Orang Rimba shelters in the forests of Sumatra

Orang Rimba shelters and dwellings in the forests are designed in different styles rooted in their semi-nomadic lifestyle. These structures can be divided into two main groups: semi-permanent structures and shelters when they are on the move. The author visited a band of Orang Rimba people in Jambi province / Sumatra in December 2023.

Semi-permanent Orang Rimba shelter

Semi-permanent structures

Orang Rimba people living in the forest need a home base when returning from hunting, foraging, and collecting trips for Jernang fruits (Calamus rotang). At these structures, they have more cooking utensils and are securely protected against the weather. If the area is exploited by these activities, they will leave their housing structures and move to a new site. Also, the old site will be left when the king dies.

Therefore, these houses can not be considered permanent but serve as semi-permanent structures. Depending on the social status within the family band, these semi-permanent dwellings are built with varying degrees of care, as will be discussed in the following.

Orang Rimba shelters are kept far awy from each other in the forests

All semi-permanent structures of the Orang Rimba family band were located far from other structures of this group. The distance over land between these houses was between 300 to 700 meters.

Bottom plate for Orang Rimba hut
Basic hut design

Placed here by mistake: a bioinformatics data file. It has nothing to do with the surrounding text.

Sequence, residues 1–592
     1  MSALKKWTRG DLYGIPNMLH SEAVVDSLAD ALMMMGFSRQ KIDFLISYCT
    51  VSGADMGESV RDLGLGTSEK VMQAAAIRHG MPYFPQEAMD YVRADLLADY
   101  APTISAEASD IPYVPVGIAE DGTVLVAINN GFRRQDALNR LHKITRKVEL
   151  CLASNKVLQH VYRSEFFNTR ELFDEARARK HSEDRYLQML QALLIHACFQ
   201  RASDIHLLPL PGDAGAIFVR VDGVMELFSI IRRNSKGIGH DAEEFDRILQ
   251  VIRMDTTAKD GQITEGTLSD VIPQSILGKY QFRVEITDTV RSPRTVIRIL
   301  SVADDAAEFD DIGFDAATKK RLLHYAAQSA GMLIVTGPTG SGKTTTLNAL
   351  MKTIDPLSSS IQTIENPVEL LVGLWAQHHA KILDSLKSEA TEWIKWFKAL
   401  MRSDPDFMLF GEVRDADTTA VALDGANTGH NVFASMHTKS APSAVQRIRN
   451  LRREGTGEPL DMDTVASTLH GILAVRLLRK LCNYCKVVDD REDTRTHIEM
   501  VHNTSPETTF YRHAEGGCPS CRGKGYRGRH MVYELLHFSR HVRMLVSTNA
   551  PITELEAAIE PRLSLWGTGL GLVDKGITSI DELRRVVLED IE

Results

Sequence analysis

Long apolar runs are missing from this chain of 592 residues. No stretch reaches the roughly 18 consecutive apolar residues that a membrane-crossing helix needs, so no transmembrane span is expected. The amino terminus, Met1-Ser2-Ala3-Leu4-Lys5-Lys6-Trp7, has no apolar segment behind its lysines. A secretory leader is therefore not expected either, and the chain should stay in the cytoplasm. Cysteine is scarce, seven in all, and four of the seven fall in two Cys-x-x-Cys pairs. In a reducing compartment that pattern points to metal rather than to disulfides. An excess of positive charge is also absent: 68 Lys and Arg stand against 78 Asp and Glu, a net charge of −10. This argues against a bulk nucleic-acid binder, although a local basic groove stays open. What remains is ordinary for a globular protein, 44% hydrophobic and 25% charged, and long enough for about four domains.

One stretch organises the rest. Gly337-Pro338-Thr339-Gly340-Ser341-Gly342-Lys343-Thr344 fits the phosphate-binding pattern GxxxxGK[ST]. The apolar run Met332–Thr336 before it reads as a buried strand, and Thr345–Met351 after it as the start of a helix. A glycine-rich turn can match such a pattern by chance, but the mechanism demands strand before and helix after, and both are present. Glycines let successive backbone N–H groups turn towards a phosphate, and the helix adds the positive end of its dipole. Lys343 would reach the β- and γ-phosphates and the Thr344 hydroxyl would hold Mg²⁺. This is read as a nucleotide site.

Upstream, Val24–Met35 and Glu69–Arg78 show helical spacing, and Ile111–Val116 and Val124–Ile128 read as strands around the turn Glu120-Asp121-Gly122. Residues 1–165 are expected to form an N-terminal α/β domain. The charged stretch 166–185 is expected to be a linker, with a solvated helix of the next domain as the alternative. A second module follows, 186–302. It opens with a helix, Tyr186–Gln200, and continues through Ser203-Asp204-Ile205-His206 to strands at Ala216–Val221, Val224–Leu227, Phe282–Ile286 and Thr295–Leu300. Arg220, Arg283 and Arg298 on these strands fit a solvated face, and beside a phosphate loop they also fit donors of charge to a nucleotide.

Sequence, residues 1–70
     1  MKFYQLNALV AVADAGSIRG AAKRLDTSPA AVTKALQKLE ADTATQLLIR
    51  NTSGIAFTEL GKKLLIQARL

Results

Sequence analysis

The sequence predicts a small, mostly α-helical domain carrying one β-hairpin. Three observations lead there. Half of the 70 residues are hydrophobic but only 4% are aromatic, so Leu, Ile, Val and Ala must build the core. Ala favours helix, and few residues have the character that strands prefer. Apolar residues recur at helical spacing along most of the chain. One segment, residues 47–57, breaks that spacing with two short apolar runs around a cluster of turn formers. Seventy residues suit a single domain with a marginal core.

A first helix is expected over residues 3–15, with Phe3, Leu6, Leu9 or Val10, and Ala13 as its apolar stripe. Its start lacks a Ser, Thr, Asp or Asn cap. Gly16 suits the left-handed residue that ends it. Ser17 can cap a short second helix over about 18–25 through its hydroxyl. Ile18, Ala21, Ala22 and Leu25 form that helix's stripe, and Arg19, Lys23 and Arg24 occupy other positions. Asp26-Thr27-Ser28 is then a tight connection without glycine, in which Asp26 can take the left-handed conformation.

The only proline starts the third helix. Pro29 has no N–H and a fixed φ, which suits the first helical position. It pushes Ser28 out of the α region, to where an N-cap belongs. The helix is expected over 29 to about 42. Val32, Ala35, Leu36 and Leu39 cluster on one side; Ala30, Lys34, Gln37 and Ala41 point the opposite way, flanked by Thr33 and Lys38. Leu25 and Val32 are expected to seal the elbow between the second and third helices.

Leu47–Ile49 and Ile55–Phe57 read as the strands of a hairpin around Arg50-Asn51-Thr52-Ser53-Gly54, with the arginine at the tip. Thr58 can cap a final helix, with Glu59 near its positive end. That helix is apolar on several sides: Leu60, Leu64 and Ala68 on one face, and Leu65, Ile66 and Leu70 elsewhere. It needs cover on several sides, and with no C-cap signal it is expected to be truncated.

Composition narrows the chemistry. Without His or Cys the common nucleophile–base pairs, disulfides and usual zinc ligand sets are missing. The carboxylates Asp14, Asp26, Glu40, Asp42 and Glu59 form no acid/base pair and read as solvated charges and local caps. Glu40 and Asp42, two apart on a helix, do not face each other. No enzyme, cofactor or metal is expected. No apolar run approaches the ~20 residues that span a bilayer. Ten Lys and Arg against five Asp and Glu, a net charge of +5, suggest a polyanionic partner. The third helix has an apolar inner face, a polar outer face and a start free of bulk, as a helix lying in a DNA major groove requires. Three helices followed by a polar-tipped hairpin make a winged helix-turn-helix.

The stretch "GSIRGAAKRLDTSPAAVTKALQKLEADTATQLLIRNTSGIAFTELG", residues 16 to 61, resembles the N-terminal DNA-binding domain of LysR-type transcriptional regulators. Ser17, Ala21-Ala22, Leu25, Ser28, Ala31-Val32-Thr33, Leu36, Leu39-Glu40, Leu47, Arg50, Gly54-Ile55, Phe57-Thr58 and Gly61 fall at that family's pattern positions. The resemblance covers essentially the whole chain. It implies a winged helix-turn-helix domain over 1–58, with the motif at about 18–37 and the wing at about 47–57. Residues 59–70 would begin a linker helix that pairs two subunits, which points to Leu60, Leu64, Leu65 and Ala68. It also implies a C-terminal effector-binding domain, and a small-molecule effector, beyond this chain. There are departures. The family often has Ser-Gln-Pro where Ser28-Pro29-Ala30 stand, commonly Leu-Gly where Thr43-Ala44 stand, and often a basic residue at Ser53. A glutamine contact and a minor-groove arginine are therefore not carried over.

The basic design of the four huts we saw was always the same. A platform was built on heavy poles set on thick slices of hardwood, elevated between 50cm / 1 ft 8’’ and 1 m / 1.1yd from the ground. Sawn wooden boards were laid on this platform, which served as a living and sleeping area.

Orang Rimba semi-permanent shelter
Sleeping- and living room area

Still, in 1971, the Polish Ethnologist J. Kamocki found that Medak River Kubu (nowadays called Orang Rimba) built these platforms differently. He describes it in the linked article:

More extensive and larger shelters are built for longer residences in the same place. A larger number of thicker poles strengthens these because they support a much heavier platform. This platform comprises extra strong poles set lengthwise upon the frame, covered crosswise with slender bamboo sticks or heavier sticks split in two. Mats are laid out upon these bamboos.’

Modern hut of Orang Rimbas in the forests

Nowadays, instead of bamboo sticks, wooden planks are used. The picture above shows the most modern development of an Orang Rimba hut built with material supplied by the government: plastic tarpaulins, wooden posts, beams, and planks. However, the Orang Rimbas of our visited clan were not interested in building a shelter with these governmental-supplied materials. Therefore, our Minakabao boatman built it together with his assistant. When built, however, the tribals happily used it.

Doors & windows
There are no doors at Orang Rimba shelters

Doors and windows, like they are in the Western sense, are non-existent and are just openings in the walls without any inserts.

Kitchen
Kitchen and dining area behind the king’s hut.
The kitchen in the hut we were using.
Typical kitchen fire

In this hut, a family of four adults (a mother and her three daughters) normally lives with their seven kids. At the time of our visit, they all went into the forest for two weeks to collect Jernang rattan fruits.